Tuesday, November 8, 2011

Pay The Teachers

There’s a study going around the Orcosphere by a couple of researchers at the American Enterprise Institute that claims that public school teachers are actually overpaid compared to “similarly educated and experienced private-sector workers.”

The organization said it took a “comprehensive” look at teacher’s salaries and tried to take into account what it says are unique areas of compensation for teachers, including generous pension plans and better job security.

The bottom line? Teacher’s compensation, the American Enterprise Institute writes, is 52 percent above market rates and costs government “$120 billion annually in excessive labor costs.”

Aside from the fact that I have first-hand knowledge that at least in one very large school district the average salary for a teacher is, to use the technical term, a pittance compared to people with similar educations and experience in the workplace, the researchers themselves admit to several flaws in their own study.

According to Census data, Richwine and Biggs admit that teachers do look underpaid; they receive a 20 percent lower salary than private-sector workers with the same level of education, and have benefits approximately the same.

These numbers are flawed, however, according to Richwine and Biggs. They show that the typical worker who moves from the private sector into teaching receives a salary increase of 8.8 percent, and the typical teacher who enters the private sector receives a pay cut of 3.1 percent. If teachers were underpaid, they write, “this is the opposite of what one would expect.”

[…]

They also admit, however, that given the small sample size of workers who switch between teaching and non-teaching, “these data should not be considered precise.” It is also probable that a private sector worker who would receive a significant pay cut from becoming a teacher is less likely to fulfill that mid-career calling.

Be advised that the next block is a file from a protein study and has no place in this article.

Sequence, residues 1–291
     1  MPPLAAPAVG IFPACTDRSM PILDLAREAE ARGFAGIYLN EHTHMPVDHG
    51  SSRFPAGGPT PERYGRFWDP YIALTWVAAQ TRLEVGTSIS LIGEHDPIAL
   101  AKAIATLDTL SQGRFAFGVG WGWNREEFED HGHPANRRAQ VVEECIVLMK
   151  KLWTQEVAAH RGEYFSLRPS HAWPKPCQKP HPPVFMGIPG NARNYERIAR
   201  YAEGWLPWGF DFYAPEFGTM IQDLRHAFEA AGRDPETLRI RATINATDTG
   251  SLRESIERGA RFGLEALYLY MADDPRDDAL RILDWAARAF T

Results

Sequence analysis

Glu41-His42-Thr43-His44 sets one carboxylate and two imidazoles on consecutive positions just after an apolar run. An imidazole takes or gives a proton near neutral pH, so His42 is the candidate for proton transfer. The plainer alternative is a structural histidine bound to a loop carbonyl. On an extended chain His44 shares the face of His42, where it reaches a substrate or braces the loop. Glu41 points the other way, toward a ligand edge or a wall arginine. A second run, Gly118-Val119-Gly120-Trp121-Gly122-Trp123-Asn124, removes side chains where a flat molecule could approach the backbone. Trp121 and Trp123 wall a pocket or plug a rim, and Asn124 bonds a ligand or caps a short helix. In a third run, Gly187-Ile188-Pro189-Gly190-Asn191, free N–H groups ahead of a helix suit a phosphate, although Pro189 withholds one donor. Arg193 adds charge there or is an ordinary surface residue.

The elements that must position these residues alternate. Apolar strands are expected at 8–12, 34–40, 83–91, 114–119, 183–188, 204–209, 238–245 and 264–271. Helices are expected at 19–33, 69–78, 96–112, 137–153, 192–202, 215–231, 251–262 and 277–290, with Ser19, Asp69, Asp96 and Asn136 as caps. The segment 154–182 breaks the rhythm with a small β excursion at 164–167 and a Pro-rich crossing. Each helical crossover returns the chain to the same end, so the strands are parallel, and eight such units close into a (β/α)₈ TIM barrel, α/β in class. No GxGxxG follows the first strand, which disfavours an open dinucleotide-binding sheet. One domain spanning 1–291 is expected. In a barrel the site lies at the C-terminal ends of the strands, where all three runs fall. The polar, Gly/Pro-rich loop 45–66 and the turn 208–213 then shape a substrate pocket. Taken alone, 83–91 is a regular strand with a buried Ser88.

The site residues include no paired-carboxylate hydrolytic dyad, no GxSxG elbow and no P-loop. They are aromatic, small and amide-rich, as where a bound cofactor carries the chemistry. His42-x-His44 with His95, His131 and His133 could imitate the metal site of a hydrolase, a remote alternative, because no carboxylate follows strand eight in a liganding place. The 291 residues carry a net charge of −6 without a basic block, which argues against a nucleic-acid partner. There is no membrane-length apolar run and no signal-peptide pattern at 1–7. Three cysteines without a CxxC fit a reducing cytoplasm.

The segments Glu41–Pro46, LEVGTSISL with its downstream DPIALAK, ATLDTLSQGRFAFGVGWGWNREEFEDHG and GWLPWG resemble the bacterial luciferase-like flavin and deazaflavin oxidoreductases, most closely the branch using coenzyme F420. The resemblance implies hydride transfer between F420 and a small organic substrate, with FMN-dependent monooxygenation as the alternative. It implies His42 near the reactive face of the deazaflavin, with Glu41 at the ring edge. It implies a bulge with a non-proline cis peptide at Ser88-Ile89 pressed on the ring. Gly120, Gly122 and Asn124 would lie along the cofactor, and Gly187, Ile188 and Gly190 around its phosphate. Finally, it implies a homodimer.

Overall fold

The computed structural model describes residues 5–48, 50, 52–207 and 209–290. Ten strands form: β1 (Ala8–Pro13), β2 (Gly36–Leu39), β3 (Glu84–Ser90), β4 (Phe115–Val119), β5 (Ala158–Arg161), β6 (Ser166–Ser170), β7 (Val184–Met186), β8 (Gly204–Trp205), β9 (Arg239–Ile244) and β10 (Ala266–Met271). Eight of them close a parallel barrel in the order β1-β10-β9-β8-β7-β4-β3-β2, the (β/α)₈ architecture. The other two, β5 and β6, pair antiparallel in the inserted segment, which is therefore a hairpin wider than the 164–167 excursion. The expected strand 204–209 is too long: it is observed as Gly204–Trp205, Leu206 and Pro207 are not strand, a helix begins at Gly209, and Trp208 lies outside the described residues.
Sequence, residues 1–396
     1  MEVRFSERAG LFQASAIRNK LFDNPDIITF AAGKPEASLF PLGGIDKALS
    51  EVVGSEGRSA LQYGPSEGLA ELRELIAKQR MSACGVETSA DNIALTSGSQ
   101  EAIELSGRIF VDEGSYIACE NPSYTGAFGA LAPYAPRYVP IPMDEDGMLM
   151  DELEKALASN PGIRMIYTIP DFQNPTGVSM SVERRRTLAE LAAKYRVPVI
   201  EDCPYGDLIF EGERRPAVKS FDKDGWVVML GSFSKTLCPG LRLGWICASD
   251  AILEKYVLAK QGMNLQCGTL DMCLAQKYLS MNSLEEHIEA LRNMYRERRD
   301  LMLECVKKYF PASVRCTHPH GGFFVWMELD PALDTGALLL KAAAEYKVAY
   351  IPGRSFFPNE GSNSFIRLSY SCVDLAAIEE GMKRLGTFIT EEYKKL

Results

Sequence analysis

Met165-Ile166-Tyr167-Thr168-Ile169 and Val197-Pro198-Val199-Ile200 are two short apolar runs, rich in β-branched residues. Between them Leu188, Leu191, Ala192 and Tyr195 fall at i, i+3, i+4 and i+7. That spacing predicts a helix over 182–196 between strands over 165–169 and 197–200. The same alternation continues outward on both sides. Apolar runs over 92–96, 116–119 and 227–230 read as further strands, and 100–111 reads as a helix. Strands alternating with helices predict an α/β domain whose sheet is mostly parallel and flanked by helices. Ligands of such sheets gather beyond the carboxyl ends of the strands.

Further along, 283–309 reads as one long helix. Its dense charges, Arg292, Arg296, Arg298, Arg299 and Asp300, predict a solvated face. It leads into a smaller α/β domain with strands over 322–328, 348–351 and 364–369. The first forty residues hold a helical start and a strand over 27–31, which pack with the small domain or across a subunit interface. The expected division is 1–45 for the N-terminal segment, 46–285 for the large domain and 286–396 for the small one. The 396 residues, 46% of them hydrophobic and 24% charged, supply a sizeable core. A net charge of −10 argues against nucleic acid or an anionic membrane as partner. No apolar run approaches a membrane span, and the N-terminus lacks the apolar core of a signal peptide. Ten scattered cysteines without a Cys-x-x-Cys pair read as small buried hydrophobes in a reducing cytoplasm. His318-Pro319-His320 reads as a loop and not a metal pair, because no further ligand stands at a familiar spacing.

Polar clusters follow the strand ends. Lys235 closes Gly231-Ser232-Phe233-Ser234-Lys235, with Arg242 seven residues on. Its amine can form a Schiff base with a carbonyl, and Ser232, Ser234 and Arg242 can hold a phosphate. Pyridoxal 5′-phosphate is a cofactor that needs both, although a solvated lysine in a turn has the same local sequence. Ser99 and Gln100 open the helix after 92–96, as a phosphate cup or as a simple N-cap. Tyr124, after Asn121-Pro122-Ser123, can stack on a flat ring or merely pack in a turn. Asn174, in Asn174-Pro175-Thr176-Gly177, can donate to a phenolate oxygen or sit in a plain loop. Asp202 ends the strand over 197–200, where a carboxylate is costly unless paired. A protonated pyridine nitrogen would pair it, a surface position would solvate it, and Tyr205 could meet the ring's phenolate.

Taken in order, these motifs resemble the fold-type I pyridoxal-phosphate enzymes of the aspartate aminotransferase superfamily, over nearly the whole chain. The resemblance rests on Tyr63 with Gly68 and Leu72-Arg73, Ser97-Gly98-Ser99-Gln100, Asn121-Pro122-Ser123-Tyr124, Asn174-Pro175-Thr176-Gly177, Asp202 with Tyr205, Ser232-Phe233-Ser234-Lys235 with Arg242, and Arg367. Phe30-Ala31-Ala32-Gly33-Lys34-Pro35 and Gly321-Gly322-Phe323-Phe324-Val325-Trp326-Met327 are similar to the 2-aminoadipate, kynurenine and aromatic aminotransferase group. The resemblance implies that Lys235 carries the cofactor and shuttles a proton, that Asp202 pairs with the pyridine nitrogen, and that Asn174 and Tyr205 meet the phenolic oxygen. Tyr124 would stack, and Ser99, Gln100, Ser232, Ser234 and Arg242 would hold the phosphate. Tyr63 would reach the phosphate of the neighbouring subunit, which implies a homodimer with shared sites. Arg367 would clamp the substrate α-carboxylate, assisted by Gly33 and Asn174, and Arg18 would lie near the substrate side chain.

I’m not a statistician, but it seems to me that if you admit to having a small sample size and “these data should not be considered precise,” perhaps it might not be a good idea to publish your findings until you get more data. But why let facts get in the way of keeping a lie going around?

I challenge any right-winger to spend one week shadowing a teacher at a public school of their choice. It can be the best school in their district. Let them see what happens and what teachers do before, during, and after the school bell has rung. I guarantee that after that week of class prep, class time, after-school coaching, meeting with parents, cleaning up the classroom, patching the holes, paying for their own school supplies, taking required professional development and certification courses at their own expense, and the hundreds of other things that make up the day in America’s educational system, they’ll be out in the park leading the demonstration for better pay for the teachers. I’ll even let them play the bongo drums.